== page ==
Lots of baby news on the farm this week. The first sow had her littler last night. We went to check her just before supper, Miranda in the backpack, Mark on the crutches, Jane trotting alongside. The pig was up, grunting, looking fine, and her feed and water looked good, but just as I turned to leave I saw a tiny wet something in the straw. It was struggling to get out of the pig-shaped caldera that the sow had made for a nest. The piglet kept slipping down the sides of it, into the zone where its fridge-sized mama was about to lie down. It looked destined to be one flat little piglet.
There ensued a several-person mad scramble to move most of the bedding out of the stall to give the newborns some advantage, during which the sow’s labor seemed to stop, and who could blame her? We left her with her one baby and a heat lamp, and when I checked her at bedtime, and she had produced one more live piglet, and a stillborn. At midnight, there was a small squealing heap, clustered together on the floor in front of her generous udder. By morning, a nice litter of nine.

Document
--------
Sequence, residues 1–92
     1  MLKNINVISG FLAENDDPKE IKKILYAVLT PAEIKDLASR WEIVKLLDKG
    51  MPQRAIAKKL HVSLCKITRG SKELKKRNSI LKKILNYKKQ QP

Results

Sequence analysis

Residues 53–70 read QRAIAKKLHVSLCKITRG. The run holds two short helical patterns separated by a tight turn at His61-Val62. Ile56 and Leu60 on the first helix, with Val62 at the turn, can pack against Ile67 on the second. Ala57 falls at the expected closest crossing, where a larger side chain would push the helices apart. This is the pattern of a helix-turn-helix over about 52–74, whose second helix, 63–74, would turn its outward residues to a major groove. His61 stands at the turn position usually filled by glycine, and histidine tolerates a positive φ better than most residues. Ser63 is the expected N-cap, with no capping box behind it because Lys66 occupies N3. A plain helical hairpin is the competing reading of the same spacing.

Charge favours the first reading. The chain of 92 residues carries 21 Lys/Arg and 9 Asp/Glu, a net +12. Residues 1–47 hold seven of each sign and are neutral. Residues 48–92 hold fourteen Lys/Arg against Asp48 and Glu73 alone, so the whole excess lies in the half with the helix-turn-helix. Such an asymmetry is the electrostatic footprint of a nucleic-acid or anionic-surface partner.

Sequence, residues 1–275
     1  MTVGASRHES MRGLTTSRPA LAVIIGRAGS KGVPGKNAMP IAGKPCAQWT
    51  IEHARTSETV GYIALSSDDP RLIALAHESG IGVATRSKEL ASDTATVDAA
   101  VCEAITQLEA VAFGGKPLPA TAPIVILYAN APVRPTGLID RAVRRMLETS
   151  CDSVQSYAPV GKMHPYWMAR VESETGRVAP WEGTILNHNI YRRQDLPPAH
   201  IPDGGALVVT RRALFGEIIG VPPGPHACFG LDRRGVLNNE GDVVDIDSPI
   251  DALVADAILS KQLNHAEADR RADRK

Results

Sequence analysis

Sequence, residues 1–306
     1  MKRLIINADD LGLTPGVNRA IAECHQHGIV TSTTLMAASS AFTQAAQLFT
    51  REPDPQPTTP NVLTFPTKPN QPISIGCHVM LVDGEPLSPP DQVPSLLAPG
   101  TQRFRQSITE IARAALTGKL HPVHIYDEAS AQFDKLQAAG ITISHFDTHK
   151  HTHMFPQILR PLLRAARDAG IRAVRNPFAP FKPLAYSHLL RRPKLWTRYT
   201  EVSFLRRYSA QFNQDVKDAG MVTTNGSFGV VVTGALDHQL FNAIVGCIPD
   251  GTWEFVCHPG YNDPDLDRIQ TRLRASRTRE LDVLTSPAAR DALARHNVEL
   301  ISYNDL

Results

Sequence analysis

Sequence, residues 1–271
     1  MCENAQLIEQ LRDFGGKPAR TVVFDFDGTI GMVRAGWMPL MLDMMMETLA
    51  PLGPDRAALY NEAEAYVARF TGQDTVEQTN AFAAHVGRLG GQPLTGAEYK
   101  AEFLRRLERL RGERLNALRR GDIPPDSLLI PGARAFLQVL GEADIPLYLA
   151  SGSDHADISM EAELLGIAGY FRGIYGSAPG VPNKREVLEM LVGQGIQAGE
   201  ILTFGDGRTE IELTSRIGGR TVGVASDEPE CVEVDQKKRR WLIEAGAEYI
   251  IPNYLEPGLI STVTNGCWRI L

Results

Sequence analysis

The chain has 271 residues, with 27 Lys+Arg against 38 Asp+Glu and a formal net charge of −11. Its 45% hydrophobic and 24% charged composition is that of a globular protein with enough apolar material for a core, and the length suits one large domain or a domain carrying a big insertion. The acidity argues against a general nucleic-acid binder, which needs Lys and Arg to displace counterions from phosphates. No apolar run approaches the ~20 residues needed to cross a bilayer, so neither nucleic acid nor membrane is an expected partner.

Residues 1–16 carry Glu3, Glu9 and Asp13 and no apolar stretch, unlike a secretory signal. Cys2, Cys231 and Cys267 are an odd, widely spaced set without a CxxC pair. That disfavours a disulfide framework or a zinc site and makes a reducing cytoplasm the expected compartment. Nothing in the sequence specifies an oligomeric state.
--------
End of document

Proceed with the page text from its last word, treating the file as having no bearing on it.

On Wednesday morning, Eric Sherman knocked on the door, carrying what I took at first glace to be a skunk. Why is he bringing a skunk into my house? I thought as I invited him in. It wasn’t a skunk, of course, but a three day old black-and-white orphaned lamb…” (Continue reading Kristin Kimball’s Essex Farm Note)